A surcingle is a strap made of leather or leather-like synthetic materials such as nylon or neoprene, sometimes with elastic, that fastens around a horse's girth area. A surcingle may be used for ground training, some types of in-hand exhibition, and over a saddle or horse pack to stabilize the load. It also is a primary component of a horse harness.
A basic surcingle is unpadded, attaches around the horse by means of buckles or rings, and has no other hardware. A training surcingle, sometimes called a "roller," has many extra rings attached, running from the ribcage up to the withers area. It usually has padding to relieve pressure on the spine. A variation of this design is used for equestrian vaulting.
Uses of the Surcingle
Many trainers first teach a young horse to accept girth pressure by strapping on a surcingle before a saddle and girth. The surcingle is commonly used for longeing, often as a base from which to attach training equipment such as side reins, overcheck, lauffer reins (sliding side reins), or chambons. A surcingle is also important in long lining or ground driving, as it provides rings for the long reins to run through. Double longeing, using two longe lines, requires the use of a surcingle to thread the longe lines through the rings.
Compared to a saddle, a surcingle allows more precise adjustment of side reins due to the placement of additional rings. While a saddle only provides one height to attach the rings (the girth buckles), and can be uneven or at the wrong position, a training surcingle places rings at more appropriate locations for ground work. Many surcingle designs allow the side reins to be attached at several different heights along the sides of the horse.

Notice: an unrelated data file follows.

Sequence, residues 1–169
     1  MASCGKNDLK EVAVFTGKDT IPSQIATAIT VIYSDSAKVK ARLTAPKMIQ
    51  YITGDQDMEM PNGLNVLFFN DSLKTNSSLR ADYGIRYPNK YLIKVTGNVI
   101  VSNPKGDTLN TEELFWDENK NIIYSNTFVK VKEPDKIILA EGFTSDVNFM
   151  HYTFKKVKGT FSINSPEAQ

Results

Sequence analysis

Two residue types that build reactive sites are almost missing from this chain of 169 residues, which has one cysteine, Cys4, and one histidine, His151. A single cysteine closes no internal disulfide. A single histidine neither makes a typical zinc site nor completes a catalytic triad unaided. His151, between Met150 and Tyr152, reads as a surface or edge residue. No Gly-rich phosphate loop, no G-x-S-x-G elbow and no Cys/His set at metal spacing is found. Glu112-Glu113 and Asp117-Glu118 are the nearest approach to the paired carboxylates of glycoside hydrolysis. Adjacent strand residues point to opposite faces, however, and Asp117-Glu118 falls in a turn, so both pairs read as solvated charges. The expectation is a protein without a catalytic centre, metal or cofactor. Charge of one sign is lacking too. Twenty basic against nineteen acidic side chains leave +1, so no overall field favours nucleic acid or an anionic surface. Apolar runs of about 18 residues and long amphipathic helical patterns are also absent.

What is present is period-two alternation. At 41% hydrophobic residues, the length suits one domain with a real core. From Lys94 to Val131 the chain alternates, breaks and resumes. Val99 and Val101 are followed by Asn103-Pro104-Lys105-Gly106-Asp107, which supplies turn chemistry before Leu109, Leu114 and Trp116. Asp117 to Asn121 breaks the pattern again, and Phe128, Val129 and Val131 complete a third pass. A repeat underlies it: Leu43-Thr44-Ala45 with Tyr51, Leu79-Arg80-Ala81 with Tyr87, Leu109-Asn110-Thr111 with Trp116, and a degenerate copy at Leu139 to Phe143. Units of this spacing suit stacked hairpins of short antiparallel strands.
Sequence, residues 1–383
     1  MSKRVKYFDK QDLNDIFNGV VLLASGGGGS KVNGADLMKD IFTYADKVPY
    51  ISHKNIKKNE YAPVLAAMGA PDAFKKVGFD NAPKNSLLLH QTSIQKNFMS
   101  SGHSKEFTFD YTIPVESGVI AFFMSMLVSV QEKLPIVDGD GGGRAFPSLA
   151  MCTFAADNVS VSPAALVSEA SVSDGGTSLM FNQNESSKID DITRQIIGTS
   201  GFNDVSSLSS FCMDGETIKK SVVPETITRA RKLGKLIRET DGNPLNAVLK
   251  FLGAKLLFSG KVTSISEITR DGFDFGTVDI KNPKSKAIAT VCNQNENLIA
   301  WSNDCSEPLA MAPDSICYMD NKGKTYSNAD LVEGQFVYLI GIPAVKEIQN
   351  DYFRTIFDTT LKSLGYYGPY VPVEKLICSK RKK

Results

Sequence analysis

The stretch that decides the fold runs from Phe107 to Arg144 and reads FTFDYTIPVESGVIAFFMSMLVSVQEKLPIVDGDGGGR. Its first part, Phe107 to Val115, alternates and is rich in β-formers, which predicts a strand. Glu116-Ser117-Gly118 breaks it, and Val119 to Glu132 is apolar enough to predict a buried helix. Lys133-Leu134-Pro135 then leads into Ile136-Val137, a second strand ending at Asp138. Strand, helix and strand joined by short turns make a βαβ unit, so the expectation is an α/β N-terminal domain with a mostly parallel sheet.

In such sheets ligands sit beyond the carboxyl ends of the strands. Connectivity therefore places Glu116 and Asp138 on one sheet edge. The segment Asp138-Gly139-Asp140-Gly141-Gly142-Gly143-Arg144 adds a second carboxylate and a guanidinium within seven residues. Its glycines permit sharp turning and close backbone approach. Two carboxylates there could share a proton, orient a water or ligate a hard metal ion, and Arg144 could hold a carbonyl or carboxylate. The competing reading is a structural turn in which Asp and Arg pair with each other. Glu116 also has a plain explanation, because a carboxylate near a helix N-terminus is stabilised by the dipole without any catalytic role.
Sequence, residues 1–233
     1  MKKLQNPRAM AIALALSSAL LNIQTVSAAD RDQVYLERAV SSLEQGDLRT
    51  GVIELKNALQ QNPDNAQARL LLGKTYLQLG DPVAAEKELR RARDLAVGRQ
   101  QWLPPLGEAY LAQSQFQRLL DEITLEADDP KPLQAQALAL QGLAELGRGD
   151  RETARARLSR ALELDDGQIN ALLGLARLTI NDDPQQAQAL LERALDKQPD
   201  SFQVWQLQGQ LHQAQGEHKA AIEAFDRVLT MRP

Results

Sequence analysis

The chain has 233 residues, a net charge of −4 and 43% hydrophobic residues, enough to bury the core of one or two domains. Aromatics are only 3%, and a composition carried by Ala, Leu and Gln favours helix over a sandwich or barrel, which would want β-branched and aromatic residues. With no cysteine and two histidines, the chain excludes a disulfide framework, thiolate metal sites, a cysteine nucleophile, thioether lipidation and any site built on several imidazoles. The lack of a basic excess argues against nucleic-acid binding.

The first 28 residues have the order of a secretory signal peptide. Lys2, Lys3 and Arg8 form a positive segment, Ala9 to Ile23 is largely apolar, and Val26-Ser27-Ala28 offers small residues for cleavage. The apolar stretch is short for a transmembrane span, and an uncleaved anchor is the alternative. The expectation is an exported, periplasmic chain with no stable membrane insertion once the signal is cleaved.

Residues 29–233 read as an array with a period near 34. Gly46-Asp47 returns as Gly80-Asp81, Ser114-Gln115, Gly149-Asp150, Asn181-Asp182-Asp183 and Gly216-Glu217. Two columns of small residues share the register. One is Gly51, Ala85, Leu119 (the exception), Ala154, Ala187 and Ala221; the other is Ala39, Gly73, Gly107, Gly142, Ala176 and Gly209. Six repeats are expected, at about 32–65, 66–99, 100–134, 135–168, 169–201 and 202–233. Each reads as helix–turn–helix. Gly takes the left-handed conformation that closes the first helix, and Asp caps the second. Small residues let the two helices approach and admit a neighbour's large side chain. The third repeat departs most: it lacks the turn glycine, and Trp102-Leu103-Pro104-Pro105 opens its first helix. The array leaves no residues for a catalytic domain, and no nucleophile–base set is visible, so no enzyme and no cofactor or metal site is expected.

Placement of the Surcingle
When used without a saddle, a surcingle sits just behind the withers. When used with a saddle, the surcingle runs over the seat near the pommel. A surcingle is also used over the top of certain types of pack saddle and pack to keep the pack bags and swag in place. A surcingle is usually used with a pad, and fit to the horse's back as carefully as a saddle would be. It is tightened enough to prevent slipping, more when used with a saddle and rider, less when used for ground training.
- ↑ Price The Whole Horse Catalog 2nd ed. p. 194-195
- Price, Steven D. (ed.) The Whole Horse Catalog: Revised and Updated New York:Fireside 1998 ISBN 0-684-83995-4